People use email for many things: to collaborate at work, catch up with old friends, share baby pictures, or, sometimes, to coordinate the operations of an international narcotics trafficking ring. The federal government believes certain Microsoft-hosted email accounts were used for this last purpose and is demanding Microsoft provide them access to the communications stored within.
The Stored Communications Act (SCA) governs federal law enforcement’s authority to search email and other electronic records. They must obtain a warrant, subject to constraints similar to those imposed by the Fourth Amendment, and then provide an opportunity for the target company (e.g. Microsoft here) to contest the warrant.
Microsoft chose to contest the warrant in this case on the ground that the emails in question are stored on servers in Ireland, arguing that federal law enforcement may not claim jurisdiction over the entire globe. The federal government argues that the happenstance of the server’s location is invisible to the user, who, while sitting in his apartment in Manhattan (or wherever), is oblivious to whether his email server is in Galway or Yonkers. Because this is an important and recurring question, the Supreme Court decided to step in and sort the matter out.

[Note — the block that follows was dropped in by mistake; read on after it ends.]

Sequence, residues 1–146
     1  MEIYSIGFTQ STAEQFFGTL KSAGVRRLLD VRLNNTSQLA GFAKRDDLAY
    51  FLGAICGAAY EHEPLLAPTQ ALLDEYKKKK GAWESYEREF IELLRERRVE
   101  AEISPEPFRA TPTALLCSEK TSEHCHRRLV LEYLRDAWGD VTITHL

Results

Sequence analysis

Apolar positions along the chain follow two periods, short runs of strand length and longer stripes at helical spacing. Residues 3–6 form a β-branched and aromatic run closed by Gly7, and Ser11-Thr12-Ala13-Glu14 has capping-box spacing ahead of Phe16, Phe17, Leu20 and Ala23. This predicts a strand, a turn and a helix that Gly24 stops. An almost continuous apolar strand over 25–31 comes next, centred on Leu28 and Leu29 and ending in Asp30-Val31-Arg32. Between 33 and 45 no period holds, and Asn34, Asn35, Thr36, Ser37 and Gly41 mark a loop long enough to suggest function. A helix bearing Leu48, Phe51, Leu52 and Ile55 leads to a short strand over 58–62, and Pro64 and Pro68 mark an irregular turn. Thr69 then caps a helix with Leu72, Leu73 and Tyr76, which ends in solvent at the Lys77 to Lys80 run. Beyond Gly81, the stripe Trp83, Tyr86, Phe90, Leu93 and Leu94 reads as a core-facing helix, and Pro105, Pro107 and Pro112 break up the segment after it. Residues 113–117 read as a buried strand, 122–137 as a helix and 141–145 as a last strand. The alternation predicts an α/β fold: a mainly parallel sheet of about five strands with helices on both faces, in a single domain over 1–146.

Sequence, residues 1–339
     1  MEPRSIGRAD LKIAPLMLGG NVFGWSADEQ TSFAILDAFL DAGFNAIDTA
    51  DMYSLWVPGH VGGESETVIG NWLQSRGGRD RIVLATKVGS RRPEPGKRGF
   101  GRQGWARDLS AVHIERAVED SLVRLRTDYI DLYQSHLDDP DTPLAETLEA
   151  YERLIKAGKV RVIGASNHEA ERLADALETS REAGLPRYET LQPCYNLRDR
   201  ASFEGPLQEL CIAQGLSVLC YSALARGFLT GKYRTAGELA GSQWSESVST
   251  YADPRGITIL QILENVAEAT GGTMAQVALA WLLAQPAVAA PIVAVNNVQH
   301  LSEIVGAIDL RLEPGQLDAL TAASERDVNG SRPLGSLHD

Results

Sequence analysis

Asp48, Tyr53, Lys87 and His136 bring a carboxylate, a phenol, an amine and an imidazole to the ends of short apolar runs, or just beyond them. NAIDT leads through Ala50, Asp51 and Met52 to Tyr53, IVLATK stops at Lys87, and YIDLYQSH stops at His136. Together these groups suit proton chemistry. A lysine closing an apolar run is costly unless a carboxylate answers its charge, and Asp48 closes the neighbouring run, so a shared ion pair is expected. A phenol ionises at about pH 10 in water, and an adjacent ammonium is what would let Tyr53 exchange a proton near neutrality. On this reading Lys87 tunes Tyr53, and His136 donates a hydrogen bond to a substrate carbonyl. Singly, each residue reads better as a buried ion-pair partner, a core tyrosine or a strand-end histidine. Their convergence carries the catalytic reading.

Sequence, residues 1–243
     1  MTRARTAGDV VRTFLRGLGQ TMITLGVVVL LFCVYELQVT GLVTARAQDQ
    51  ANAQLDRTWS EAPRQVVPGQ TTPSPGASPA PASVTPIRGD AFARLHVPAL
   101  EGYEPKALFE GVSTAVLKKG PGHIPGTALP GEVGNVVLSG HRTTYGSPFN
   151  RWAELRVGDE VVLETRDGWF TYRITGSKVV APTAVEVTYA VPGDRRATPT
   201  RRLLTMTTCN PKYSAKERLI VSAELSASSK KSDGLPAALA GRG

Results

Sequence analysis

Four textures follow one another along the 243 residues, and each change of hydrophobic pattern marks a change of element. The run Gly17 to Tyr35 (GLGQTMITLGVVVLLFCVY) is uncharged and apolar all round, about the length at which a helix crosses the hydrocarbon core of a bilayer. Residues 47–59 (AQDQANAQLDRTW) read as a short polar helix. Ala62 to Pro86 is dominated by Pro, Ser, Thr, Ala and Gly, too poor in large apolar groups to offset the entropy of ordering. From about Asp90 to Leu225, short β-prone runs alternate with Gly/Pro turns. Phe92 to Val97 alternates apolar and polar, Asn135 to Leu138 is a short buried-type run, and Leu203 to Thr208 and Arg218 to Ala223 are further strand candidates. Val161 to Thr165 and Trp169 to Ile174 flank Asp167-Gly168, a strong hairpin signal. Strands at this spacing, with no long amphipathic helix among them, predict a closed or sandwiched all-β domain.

To assist the court in sorting through the difficult legal questions in the case, Cato has filed an amicus brief, joining the Competitive Enterprise Institute, TechFreedom, Reason Foundation, Individual Rights Foundation, and American Consumer Institute Center for Citizen Research. The brief focuses on elucidating the ways in which the Fourth Amendment and the SCA interact with modern technology. We argue that the law is increasingly, and correctly, recognizing that personal data belongs to the individual, much like the “houses, papers, and effects” mentioned in the text of the Fourth Amendment. Digital communications are different than physical things, of course, but the Terms of Service between Microsoft and its customers recognize the users’ property interests in the data. Therefore, while the warrant procedure under the SCA deviates slightly from the normal process, it nonetheless should be examined with the same rigor as a traditional warrant, and that means the traditional presumption against extraterritorial application should be respected in this case. Finally, we argue that concerns over gamesmanship—for example, American companies stashing their servers in Zanzibar to aid and abet criminality—can be more prudently addressed with other tools. The Court should affirm that the right of people to be secure in their papers and effects has not been abrogated by modern technology and that the long arm of the law shall not extend across all oceans without express authorization from the legislature.